Is there (pro)life after the Obama victory?

In a Christianity Today article yesterday, Sarah Pulliam wrote about how an Obama administration might impact abortion and pro-life objectives.

In 2007, Obama promised Planned Parenthood that he would sign an act removing all restrictions on abortion at the state and federal level. He has also said he would appoint justices that would uphold Roe v. Wade.
Obama appealed to evangelicals by emphasizing his desire to reduce unintended pregnancies by providing more resources for women to carry pregnancies to term. Today the number of abortions—1.2 million in 2005—is nearly the same as in 1976, according to the Guttmacher Institute.
“Barack Obama will be held accountable on a serious commitment to abortion reduction,” said Jim Wallis, founder of Sojourners. “He called for that, his campaign platform said that, and he should be held accountable to that. He needs prayer and accountability, support and pushing, both at the same time.”

I was surprised but pleased to read this quote from Jim Wallis. As I am able, I will try to hold the evangelical left to his call to hold Obama accountable.
The pre-election argument against Wallis and other evangelicals who supported Obama was that there is little chance Obama can make good on that promise. Obama supports taxpayer funded abortions and the Freedom of Choice Act. Both proposals almost certainly will increase the numbers of abortions. Making financial support more accessible to low income women may act as incentive to keep some unwanted pregnancies. However, providing increased funding for abortion might offset any of these reductions. The Freedom of Choice Act would invalidate all current restrictions on abortion and would most likely add to the abortion numbers.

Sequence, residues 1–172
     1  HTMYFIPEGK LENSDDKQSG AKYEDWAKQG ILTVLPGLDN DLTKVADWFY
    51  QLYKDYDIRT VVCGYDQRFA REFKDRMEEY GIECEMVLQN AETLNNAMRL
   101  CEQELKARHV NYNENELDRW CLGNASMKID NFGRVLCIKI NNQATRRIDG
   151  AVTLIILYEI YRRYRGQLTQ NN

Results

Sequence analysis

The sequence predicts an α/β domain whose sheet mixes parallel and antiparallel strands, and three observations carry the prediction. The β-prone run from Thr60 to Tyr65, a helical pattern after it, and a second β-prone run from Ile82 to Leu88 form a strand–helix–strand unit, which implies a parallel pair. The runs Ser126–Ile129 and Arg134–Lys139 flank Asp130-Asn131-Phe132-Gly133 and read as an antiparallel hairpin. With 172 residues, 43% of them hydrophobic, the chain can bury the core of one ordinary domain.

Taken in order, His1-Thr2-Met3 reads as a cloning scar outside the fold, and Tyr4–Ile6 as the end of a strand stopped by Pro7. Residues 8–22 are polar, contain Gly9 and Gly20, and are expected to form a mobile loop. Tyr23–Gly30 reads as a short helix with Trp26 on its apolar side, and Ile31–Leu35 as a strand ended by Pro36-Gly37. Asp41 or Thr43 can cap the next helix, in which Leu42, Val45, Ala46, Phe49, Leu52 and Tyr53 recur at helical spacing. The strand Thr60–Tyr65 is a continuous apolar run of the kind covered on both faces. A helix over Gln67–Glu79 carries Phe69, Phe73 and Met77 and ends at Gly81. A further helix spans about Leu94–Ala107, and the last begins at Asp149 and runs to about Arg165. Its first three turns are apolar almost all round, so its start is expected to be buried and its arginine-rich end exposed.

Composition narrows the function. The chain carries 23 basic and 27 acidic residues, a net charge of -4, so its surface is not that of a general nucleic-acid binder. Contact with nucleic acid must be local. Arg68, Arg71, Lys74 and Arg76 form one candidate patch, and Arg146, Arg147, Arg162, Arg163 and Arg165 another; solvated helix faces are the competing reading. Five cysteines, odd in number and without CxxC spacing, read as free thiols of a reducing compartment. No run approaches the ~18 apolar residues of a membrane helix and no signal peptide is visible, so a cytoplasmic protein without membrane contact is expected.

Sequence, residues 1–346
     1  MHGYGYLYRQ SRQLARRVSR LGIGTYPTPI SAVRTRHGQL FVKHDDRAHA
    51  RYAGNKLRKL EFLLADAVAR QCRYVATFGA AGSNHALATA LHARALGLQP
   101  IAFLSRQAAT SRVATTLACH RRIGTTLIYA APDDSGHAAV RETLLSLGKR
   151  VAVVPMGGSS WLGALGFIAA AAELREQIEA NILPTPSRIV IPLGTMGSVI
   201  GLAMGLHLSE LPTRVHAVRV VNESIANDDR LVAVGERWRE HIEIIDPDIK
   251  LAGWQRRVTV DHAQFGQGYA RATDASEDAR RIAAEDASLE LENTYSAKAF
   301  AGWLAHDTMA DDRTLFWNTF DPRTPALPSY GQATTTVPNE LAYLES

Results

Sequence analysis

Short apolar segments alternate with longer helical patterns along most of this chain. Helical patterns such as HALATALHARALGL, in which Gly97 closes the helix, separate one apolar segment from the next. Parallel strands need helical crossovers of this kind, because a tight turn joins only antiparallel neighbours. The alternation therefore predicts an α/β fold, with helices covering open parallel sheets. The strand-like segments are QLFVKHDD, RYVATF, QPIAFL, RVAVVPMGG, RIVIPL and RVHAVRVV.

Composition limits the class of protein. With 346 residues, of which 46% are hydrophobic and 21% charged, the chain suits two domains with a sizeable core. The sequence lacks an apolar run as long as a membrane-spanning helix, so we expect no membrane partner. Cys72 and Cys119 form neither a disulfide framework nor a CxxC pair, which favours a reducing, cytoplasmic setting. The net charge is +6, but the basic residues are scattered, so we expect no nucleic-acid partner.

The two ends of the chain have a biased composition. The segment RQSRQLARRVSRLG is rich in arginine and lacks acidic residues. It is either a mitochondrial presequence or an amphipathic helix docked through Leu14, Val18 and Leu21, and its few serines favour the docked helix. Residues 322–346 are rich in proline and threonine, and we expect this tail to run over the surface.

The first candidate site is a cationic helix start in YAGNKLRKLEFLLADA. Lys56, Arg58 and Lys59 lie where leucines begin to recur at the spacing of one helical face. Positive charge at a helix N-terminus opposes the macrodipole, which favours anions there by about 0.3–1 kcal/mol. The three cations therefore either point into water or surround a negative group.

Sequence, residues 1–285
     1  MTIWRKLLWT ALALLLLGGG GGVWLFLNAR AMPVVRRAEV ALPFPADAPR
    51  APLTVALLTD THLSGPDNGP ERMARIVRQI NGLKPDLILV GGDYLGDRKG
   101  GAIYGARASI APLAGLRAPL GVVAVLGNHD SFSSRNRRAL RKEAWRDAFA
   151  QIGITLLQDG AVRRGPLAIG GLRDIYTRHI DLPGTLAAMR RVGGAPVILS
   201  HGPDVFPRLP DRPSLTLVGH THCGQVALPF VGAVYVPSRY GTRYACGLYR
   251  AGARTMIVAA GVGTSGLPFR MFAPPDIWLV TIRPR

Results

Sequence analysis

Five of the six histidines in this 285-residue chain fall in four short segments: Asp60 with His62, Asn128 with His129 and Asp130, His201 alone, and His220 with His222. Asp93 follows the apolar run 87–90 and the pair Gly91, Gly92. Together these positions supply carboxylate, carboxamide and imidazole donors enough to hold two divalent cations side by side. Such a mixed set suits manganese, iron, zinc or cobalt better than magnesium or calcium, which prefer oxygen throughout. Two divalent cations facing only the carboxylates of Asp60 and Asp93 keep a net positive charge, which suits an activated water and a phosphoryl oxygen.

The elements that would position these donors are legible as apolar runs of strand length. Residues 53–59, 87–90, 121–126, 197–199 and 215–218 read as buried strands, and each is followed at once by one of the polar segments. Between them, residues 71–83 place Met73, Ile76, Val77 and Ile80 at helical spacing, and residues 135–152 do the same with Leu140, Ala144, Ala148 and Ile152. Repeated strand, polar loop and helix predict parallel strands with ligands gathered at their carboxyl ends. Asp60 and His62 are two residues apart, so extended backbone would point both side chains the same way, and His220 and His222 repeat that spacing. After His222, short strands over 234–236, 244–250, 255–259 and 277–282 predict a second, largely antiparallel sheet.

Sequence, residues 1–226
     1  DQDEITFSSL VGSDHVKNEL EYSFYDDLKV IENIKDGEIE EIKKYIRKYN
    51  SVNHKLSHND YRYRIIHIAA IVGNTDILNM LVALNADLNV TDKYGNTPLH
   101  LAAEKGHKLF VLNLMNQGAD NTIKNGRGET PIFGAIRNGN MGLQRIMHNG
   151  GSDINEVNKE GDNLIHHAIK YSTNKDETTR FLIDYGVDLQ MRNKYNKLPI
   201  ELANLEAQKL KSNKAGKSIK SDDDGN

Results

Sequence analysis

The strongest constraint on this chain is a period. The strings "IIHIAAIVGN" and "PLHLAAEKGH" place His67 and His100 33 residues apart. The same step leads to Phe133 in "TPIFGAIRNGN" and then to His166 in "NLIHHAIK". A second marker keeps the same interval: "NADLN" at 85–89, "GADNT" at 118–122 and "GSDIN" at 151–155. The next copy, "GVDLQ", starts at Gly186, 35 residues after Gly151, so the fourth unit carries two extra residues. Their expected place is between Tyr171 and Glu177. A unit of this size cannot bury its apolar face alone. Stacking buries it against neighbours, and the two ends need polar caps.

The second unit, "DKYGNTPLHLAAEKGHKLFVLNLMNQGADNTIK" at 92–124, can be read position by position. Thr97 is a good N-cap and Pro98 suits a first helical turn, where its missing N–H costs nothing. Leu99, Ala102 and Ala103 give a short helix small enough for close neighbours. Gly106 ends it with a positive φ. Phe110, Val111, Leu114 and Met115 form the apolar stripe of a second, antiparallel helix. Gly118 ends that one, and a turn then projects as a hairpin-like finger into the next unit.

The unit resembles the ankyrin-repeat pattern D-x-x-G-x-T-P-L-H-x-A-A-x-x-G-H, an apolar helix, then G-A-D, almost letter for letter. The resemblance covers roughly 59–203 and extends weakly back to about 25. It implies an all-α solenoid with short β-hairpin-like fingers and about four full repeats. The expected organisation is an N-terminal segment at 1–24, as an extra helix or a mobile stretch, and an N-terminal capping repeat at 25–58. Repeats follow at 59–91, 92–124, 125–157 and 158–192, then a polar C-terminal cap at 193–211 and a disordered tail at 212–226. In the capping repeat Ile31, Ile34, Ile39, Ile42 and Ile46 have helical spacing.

The pro-life movement was dealt a body-blow by the election of Obama along with the defeat of pro-life propositions around the country. One wonders what common ground, if any, can be found with an administration and a Congress who seeks abortion without limitation.

Religion and the 2008 election

I am compiling some data regarding special interest voting, religion and the 2008 election. This post serves as an open forum for readers who see polls or data regarding various interest groups (e.g., pro-life, those not favoring gay rights, Protestant, Catholic, Evangelical, etc.). Just add them to the comments section. I will be adding to the post throughout the day and evening.